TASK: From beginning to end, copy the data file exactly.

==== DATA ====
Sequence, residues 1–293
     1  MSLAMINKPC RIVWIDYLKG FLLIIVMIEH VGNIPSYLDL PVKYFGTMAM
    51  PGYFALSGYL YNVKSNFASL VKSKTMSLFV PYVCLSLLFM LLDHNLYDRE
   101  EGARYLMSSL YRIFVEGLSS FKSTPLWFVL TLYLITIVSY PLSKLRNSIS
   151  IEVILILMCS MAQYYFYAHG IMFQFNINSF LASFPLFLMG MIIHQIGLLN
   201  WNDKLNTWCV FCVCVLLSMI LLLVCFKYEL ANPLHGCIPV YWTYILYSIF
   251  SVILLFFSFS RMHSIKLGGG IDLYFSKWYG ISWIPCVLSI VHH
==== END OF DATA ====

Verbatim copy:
Sequence, residues 1–293
     1  MSLAMINKPC RIVWIDYLKG FLLIIVMIEH VGNIPSYLDL PVKYFGTMAM
    51  PGYFALSGYL YNVKSNFASL VKSKTMSLFV PYVCLSLLFM LLDHNLYDRE
   101  EGARYLMSSL YRIFVEGLSS FKSTPLWFVL TLYLITIVSY PLSKLRNSIS
   151  IEVILILMCS MAQYYFYAHG IMFQFNINSF LASFPLFLMG MIIHQIGLLN
   201  WNDKLNTWCV FCVCVLLSMI LLLVCFKYEL ANPLHGCIPV YWTYILYSIF
   251  SVILLFFSFS RMHSIKLGGG IDLYFSKWYG ISWIPCVLSI VHH